(Staff member 10)
In the absence of physical events, online activities were viewed positively by most of the students as a chance to learn something new, engage in fitness classes, or meet new people. In contrast, staff highlighted that meeting new people and establishing relationships can be daunting for international students, and with the current COVID-19 restrictions, meeting new people may be extremely challenging and impede the international student experience. In normal conditions, staff spoke of student communities that form within specific international student groups, as people tend to bond with others from similar cultures and places; they observed that this community bonding was reduced or lacking during the pandemic. However, both staff and students viewed online activities as a potential avenue to help facilitate networking among students, in the absence of face-to-face activities, and many staff and students advocated for online activities to be better utilised and advertised.
“Online social events could help students, they would not feel alone at this time, it would be very helpful. I know Students’ Union event team has been organising some things, but it hasn’t been well communicated and I don’t think that many people are aware of them, so yeah, I think more some sort of community and event would be very helpful.”
(Focus group 7, Student 5)

3.2.3. Theme 3: Support Needs from Institutions

Sub-Theme 1: Individual “Check-Ins” with Students

International students valued university staff reaching out to them, as it gave them a sense of being remembered and cared for, during periods when they felt particularly lonely. They specifically mentioned that individualised attention and personalised support was quite helpful during the self-isolation period. Staff views aligned with those of the students, and they reported that regular contact with students was beneficial to students’ well-being, to reassure students that staff were present and available to provide support if needed.
“It really helps to have your personal tutor check in on you more frequently during this period, so my personal tutor he got in touch with me …., asked me if I needed any support. He asked me when I would be self-isolating …as well to ask me how I was doing. So, I think just having that sort of individualised attention quite helped because I knew that I had someone to turn to if I needed any support.”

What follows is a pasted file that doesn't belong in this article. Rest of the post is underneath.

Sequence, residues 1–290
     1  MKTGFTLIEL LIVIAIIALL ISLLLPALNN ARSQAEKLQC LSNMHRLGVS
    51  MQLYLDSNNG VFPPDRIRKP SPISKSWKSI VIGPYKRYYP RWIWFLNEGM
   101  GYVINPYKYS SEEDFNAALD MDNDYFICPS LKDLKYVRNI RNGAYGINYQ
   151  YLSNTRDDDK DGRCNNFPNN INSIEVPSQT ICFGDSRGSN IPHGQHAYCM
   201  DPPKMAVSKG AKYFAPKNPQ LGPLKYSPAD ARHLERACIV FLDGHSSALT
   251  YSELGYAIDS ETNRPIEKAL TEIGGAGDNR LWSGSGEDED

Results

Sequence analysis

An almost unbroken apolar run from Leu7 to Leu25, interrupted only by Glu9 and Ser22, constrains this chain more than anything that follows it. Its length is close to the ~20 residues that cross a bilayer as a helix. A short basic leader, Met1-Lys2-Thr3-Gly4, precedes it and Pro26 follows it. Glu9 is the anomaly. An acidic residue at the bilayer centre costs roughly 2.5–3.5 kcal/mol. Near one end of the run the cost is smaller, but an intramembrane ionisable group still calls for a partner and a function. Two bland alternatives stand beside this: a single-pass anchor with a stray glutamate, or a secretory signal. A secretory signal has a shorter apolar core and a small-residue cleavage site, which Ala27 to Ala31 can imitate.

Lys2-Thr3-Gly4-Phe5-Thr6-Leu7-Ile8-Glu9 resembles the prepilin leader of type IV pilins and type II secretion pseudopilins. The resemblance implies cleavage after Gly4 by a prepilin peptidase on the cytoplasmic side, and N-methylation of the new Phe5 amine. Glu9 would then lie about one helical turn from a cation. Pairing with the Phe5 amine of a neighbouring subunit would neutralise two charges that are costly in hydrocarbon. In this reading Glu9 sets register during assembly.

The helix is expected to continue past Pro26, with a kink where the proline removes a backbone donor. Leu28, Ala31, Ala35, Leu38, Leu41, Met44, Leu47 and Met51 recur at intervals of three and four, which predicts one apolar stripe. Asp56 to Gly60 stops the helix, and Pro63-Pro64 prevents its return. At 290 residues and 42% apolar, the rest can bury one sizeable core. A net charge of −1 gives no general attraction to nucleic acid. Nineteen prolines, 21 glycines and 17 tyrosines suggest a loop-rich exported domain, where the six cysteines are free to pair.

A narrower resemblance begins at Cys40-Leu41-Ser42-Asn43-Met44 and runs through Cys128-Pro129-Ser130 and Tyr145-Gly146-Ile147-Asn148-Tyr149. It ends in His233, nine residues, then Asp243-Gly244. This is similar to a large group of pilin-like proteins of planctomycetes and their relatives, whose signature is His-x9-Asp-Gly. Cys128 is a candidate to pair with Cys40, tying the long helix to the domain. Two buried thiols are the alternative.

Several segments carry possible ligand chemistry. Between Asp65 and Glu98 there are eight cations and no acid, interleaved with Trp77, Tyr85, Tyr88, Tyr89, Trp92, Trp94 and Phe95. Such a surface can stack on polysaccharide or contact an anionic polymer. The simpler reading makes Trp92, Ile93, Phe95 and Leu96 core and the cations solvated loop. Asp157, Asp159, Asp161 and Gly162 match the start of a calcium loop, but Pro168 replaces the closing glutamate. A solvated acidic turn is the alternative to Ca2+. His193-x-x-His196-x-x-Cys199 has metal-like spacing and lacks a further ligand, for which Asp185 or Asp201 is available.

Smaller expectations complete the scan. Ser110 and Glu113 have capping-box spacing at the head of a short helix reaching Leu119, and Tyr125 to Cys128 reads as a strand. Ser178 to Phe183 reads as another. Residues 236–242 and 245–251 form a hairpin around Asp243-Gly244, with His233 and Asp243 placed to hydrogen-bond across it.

(Focus group 2, student 3)
“I think it’s just checking in with them would be just quite helpful, just to say you know how you are doing, how you getting on, that frequent outreach or checking in with them would be quite useful to them because I think it just makes them think that OK, I know people are there, you know, they care about me.”
(Staff member 3)
Nevertheless, students’ experiences appeared to have been highly variable, and some expressed disappointment and voiced dissatisfaction at the lack of support they received, particularly during self-isolation.
“I think they could check on people, like, more individually too, because there was like feeling really left aside, yeah, like the feedback and checking more individually, I think that would be amazing.”
(Focus group 7, student 1)

Sub-Theme 2: Improved Academic Support and Communication

Overall, international students called for improved communication and practical support from the university during the pandemic. The transition to online learning resulted in feelings of anxiety and stress for all, and students wanted to feel reassured that their education and future careers would not be impacted by the pandemic. They called for “safety net” procedures, which would protect their current grades and give “peace of mind” regarding the integrity of their degree.
“I think for me it’s more-it’s just like more peace of mind about my education… there still wasn’t anything to support us, like, education, academically sorry, in this pandemic. So that’s one thing that would have eased me a lot, yeah.”
(Focus group 7, student 2)
Timely information and decisions on how courses were being affected due to COVID-19 were seen as crucial by students in supporting their mental well-being during the pandemic, as this was a significant cause of anxiety, especially in times when some international students wanted to return home, but were unsure if they were able to during local and/or national restrictions. The lack of communication around COVID-19 impacts to courses led to confusion, and prevented many international students from returning home, which was viewed as crucial for well-being during the pandemic, since family and friends were key sources of support.